Treasury Scores A Perfect Ten

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Treasury Scores A Perfect Ten

NEW YORK -- The U.S. government unveiled a new, more secure design for the $10 note that will enter circulation in the early 2006.

Highlighted by images of the Statue of Liberty’s torch and the words "We the People" from the U.S. Constitution, the newly designed bill incorporates easy-to-use security features for people to check their money and subtle background colors in orange, yellow and red.

"We expect to update currency every seven to 10 years, so that we may continue to stay ahead of counterfeiters," said Treasury Secretary John W. Snow. "The enhanced security features built into this new $10 note design will help maintain global confidence in our currency going forward."

The $10 note is the third denomination in the new design series and the $100 note redesign is next on the list. Newly designed $20 and $50 notes are already in circulation.

The new $10 note incorporates security features to combat counterfeiting, including three that are easy to use by cash handlers and consumers -- the color-shifting ink, watermark and security thread.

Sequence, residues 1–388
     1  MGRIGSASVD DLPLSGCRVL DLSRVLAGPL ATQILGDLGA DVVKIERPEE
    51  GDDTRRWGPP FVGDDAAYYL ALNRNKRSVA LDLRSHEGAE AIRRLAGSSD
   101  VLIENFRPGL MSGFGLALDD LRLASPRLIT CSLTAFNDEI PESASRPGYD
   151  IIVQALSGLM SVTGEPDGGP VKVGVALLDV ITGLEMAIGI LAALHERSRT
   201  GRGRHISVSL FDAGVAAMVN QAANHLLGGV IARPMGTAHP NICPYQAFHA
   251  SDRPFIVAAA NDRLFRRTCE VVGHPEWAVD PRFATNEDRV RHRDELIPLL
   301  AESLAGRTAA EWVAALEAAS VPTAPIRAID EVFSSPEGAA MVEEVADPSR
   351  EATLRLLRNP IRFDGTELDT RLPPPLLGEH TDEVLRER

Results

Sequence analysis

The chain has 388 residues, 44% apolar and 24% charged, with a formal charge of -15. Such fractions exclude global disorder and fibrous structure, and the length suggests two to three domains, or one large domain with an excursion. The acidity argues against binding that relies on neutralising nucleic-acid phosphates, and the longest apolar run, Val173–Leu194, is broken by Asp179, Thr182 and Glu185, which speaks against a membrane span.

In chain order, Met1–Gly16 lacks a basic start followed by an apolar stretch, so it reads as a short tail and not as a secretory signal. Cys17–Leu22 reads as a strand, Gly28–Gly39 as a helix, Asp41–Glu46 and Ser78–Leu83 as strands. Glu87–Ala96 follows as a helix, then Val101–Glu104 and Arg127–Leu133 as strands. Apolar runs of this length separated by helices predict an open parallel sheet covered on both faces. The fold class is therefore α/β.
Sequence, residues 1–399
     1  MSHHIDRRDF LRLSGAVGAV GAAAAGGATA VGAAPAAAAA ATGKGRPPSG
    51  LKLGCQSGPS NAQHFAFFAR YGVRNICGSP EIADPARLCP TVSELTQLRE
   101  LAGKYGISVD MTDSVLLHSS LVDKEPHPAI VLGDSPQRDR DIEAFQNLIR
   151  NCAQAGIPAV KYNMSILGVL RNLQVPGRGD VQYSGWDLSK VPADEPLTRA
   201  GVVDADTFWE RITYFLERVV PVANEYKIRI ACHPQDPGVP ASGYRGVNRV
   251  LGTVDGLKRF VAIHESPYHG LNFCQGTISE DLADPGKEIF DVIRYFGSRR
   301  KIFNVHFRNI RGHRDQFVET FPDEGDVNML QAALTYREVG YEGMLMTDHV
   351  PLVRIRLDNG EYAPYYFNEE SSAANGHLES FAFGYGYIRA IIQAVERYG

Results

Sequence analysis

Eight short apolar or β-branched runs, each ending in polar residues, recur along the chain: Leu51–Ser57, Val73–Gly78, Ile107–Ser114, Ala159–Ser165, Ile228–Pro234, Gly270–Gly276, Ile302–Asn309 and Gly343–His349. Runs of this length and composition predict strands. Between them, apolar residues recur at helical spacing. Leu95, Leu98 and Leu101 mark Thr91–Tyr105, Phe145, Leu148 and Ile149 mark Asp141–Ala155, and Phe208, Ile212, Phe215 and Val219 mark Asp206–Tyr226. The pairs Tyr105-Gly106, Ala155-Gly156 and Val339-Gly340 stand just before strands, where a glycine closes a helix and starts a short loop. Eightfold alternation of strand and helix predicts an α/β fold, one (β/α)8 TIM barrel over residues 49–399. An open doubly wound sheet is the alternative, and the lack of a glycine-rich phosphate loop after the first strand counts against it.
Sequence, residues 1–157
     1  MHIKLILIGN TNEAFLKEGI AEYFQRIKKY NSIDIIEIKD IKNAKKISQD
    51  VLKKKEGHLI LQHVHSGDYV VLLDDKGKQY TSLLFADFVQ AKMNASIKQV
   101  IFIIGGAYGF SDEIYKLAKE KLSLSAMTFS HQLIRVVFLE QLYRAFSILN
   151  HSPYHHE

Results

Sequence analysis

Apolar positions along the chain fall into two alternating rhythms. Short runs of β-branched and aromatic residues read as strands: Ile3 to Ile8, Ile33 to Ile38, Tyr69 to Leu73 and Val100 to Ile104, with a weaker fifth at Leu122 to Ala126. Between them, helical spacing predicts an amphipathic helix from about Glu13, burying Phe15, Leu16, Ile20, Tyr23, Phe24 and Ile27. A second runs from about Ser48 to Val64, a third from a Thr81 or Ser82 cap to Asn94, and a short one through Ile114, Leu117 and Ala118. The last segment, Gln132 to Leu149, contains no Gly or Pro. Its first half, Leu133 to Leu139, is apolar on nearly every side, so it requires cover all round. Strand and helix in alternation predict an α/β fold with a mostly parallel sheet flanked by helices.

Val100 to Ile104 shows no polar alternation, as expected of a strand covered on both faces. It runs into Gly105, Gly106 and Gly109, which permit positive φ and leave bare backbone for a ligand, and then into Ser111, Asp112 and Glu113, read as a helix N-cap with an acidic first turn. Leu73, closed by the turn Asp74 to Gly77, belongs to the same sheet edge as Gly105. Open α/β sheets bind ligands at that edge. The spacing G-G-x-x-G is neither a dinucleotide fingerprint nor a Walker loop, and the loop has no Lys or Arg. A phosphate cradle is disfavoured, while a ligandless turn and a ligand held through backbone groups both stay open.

Color-shifting ink -- While tilting the ten, the numeral “10” in the lower right-hand corner on the face of the note changes color from copper to green.

The watermark -- Hold the note up to the light to see if a faint image of Alexander Hamilton appears to the right of his large portrait. It should be visible from both sides of the note.

Security thread -- Hold the note up to the light and make sure there’s a small strip that repeats "USA TEN" in tiny print. It should run vertically to the right of the portrait.

"Advancements in technology pose evolving threats to our currency," said Thomas Ferguson, director of Bureau of Engraving and Printing. "This new $10 design is safer because it is easier for cash handlers and consumers to check, smarter, because it stays ahead of counterfeiters and more secure, to protect the integrity of U.S. currency."